The overall position after five weeks is – win lays: set £10 stake – £493.20; £10 liability – £49.04 – place lays: set £10 stake – £157.00; £10 liability – £118.40. This represents a loss of £650.20 for the set options and a shortfall of £167.44 for those taking the ‘safer’ approach.

The stop at a winner approach was torpedoed on the Tuesday, when the first four horses laid each won their race, at BSPs of 6.0, 2.0, 5.14 and 5.0 – any form of staking plan would have folded under the weight of those results and the following ones, as there were further losses in races six and nine.

At the moment, I’m unable to identify any area from which a consistent profit could be achieved, but I’ll keep trying…

Week 6 & 7 Report

The system was monitored for 11 days out of 14 over the past fortnight, and its downward trend continued with two more losing weeks across all four suggested approaches. It’s interesting to note from visiting the website that the detailed daily results are no longer provided, and that the two recommended areas for laying (places at Betfair SP of 2.0 to 4.0 and wins at BSP from 2.0 to 10.0) have disappeared, with a recommendation now to concentrate on laying in the win market at odds between 3.0 and 4.0 – a clear piece of back-fitting with no logical foundation other than that it’s a tight field that fits with the stats.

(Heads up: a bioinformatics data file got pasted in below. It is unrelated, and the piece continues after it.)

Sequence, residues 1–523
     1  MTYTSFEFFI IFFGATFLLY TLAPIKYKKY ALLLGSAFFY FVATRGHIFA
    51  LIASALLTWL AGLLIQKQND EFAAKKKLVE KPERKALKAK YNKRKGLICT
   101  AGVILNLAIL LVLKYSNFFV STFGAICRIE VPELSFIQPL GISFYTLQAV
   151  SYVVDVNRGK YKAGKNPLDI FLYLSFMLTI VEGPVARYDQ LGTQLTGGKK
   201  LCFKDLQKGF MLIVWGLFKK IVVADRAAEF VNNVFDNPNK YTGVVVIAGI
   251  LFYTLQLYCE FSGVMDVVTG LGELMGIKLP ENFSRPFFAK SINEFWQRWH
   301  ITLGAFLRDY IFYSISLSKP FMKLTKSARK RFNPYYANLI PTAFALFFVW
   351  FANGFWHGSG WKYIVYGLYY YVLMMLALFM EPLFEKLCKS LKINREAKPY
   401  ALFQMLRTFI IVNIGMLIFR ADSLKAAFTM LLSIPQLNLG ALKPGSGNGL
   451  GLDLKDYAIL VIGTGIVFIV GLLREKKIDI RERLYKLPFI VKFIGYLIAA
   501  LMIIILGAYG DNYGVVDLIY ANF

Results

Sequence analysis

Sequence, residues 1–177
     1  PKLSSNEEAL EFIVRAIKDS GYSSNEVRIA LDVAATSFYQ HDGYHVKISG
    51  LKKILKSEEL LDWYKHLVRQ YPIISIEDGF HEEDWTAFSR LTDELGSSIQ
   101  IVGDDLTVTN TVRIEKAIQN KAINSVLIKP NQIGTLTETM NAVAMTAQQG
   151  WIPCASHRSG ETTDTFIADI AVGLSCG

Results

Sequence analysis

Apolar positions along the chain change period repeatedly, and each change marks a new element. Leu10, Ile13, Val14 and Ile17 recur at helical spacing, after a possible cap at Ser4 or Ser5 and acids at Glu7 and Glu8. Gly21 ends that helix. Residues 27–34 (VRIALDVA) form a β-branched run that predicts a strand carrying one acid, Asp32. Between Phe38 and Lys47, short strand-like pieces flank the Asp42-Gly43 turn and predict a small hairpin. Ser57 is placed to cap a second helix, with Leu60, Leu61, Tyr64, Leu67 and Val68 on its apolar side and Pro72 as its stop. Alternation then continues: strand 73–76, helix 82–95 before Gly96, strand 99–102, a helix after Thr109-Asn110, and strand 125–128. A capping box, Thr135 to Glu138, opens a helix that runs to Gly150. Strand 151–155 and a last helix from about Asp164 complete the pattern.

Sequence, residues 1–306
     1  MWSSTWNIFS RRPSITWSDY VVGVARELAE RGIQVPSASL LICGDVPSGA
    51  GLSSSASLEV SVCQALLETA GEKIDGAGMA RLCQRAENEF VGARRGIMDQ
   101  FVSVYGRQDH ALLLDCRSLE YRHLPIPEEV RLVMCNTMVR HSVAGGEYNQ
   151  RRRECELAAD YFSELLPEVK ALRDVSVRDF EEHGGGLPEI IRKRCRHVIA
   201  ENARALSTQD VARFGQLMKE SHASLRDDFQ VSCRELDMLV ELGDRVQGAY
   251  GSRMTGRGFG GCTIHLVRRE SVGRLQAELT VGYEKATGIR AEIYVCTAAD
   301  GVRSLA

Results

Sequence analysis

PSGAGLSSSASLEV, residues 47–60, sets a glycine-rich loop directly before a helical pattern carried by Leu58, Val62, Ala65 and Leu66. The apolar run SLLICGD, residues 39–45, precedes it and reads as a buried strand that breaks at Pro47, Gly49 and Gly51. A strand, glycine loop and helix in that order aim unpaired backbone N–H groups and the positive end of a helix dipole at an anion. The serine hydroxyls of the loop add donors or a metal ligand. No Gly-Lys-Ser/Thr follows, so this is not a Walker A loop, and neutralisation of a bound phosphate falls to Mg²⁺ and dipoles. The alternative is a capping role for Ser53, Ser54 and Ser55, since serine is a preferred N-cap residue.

Concentrating on what this review was set up to monitor, i.e. the two areas above to £10 stakes and £10 liability, the results over the past two weeks are consistent with most of the previous period. Win lays recorded a success of 146 bets out of 195 at a hit rate of 75%, while the places were successful on 51 occasions out of 88, at a strike rate of 58%. The seven-week achievement rates of 75% and 59% are as near as damnit the same. It is simply not possible to make a profit from laying in the suggested odds range with percentages like these. The losses to £10 stakes now stand at £1085.00, and to £10 liability they are negative to the tune of £215.23.

There have now been 771 win lays and 357 place lays since the start of the trial, and with 11 days to go these figures should be around the 1000 and 425 by the end – more than sufficient to be able to provide definitive conclusions. I have put together figures to cover the success rate of all selections, not just the recommended ones, and will provide these as well in my conclusion. The pile of daily records and number crunchings is already quite daunting, but rest assured that I am on top of it…just!